‘Officer Humphrey’ Reflects on 21-Year Career With Centralia Police Department 


It’s been nearly a month since Angie Krause, formerly known as Angie Humphrey, gave her final radio signoff as an officer with the Centralia Police Department, but settling into retirement is a strange change of pace from her 27-year career in law enforcement. 

“It’s weird. I feel like I’m on a very long day off,” she told The Chronicle on Thursday. 

Retirement so far has been bittersweet for Krause, since she would have liked to continue serving as a Centralia police officer for a while longer if a back injury hadn’t forced her out of the job at the age of 53. 

“A doctor won’t release me to (work as a police officer). I have to have another back surgery, so I’m a little bitter about that, because it took my job away,” she said. 

Her back was injured in a fall at Centralia High School while she was on-duty as a school resource officer, she said. 

“It was stupid, there’s a video … It's kind of comical,” she said. 

Krause joined the Centralia Police Department 21 years ago when her now-ex husband, Jeff Humphrey, became a deputy with the Lewis County Sheriff’s Office. 

“It’s funny because I came in as a Humphrey and I left as a Krause, and no one knows me as Krause … because it’s never been on my uniform, because I got married in August (2022),” she explained. 

The Centralia community knows Krause as Officer Humphrey, and many know her well enough to specifically ask for her when they need an officer. 

“They knew if they had an issue, if they needed someone, they could (call me,)” she said. 

That community trust is a result of Krause’s philosophy for interacting with people while in uniform: treat everybody as a person. 

“They’re not bad people, they’re just making bad choices,” she said of those having negative contact with police. “Everybody has a story and I always treated them like they were a person.” 

Along with the regular tools Centralia officers have at their disposal, Krause made use of the “pinky promise” to encourage people to make good choices. 

She specifically recalled making a pinky promise with a little girl who didn’t want to go to school. Krause said she would bring her a bag of peanut butter cups if she could go to school every day for one week.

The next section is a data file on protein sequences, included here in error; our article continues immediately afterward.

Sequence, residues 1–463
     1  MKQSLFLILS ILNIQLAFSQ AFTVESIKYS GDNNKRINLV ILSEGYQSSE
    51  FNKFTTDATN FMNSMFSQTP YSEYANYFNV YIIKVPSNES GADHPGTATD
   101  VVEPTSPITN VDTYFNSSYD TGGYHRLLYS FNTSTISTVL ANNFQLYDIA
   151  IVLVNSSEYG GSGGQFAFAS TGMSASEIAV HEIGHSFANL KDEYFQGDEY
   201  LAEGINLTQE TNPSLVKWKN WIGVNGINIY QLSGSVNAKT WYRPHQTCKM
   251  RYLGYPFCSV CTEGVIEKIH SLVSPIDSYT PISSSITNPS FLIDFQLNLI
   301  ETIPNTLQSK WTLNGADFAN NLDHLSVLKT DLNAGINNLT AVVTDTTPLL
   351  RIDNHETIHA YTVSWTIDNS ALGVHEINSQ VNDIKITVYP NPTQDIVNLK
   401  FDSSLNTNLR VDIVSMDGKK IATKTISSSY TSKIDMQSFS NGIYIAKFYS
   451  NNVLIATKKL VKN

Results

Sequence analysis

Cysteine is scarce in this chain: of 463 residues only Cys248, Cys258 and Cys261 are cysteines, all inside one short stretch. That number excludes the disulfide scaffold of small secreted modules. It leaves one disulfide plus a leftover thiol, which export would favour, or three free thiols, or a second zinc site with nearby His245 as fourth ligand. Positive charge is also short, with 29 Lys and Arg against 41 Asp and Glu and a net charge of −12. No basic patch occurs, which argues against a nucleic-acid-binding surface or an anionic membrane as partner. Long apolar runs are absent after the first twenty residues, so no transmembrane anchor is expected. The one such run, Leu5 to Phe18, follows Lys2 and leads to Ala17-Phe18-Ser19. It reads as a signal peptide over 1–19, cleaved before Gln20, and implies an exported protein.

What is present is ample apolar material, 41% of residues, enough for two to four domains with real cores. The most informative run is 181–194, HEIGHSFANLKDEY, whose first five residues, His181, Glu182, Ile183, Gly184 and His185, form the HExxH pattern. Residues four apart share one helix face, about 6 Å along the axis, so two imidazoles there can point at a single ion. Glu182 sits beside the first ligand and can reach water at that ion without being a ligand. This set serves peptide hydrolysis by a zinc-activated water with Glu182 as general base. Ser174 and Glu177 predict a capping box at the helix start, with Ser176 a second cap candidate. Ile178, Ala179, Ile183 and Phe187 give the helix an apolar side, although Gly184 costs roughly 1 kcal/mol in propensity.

Krause would frequently stop by the girl’s residence and the school to check up on her and encourage her to keep going after that initial week. 

“Sometimes they don’t have that positive (reinforcement), especially with police officers … We’re not there always on nice terms, so you just try and change that outlook,” Krause said. 

A desire to bring the policing profession out of a negative light was one of Krause’s reasons for pursuing a career as a police officer. 

“I just like to help people, get out there and do what you can where there's a lot of stuff where, most of the time, police officers are looked at in a negative light, so I want to change that,” she said. 

Her interest in law enforcement began as early as high school, when she job shadowed a detective in Aberdeen. She worked for the Raymond, Skokomish Indian Tribe and McCleary police departments for a combined total of six years before joining the Centralia Police Department in 2001. 

“There’s a lot of good memories there,” she said of her time with the Centralia Police Department. 

While her back injury has ended her career as a police officer, Krause remains active in the community as the president of the Adna High School Booster Club and the owner of Skull & Crossbones Coffee Company in Adna, which she and her husband purchased in April 2021 and opened on July 7 of that year after completing renovations. 

“I bought the coffee stand for a retirement gig, not expecting it would have to be as quick as it was,” she said. 

Krause stays in touch with current and former Centralia police officers she’s worked with over the years and remains a member of the Centralia Police Officers’ Association, which raises funds throughout the year for scholarships, kids bike helmet donations, community events and the annual Night Out With Santa. 

Events such as Night Out With Santa where she got to interact with kids in a positive setting were among Humphrey’s highlights of her time with the Centralia Police Department 

“It’s just kind of neat because when kids see me, even now, kids that have graduated from high school … they’re like ‘Oh, Officer Humphrey!’ and I get hugs,” she said. 

When asked if she had any parting words for her colleagues and her community as she transitions out of her role as a police officer, Krause said, “I just want to thank everybody because I’ve made a great career here.” 

She later added, “they're the ones that define me … I wouldn’t be me without the experiences and everything I’ve had with them.” 

Krause’s thanks to her colleagues and the community echoes the goodbye she gave during her final radio signoff on Dec. 7. 

“After 27 years in law enforcement, 21 in Centralia, it’s time to say goodbye,” she said. “Thank you to everyone I have had the privilege of working with, on the road or on the other side of the radio, you are all rockstars and I love you.” 

The officer who signed Krause off over the radio on Dec. 7 expressed the gratitude of Krause’s fellow officers, family, friends and community, saying, “Thank you for being tough yet fair, caring and compassionate, sometimes a pain in the butt but still looking for the best in people. So enjoy your retirement. Relax. It’s been an honor and a fun ride.”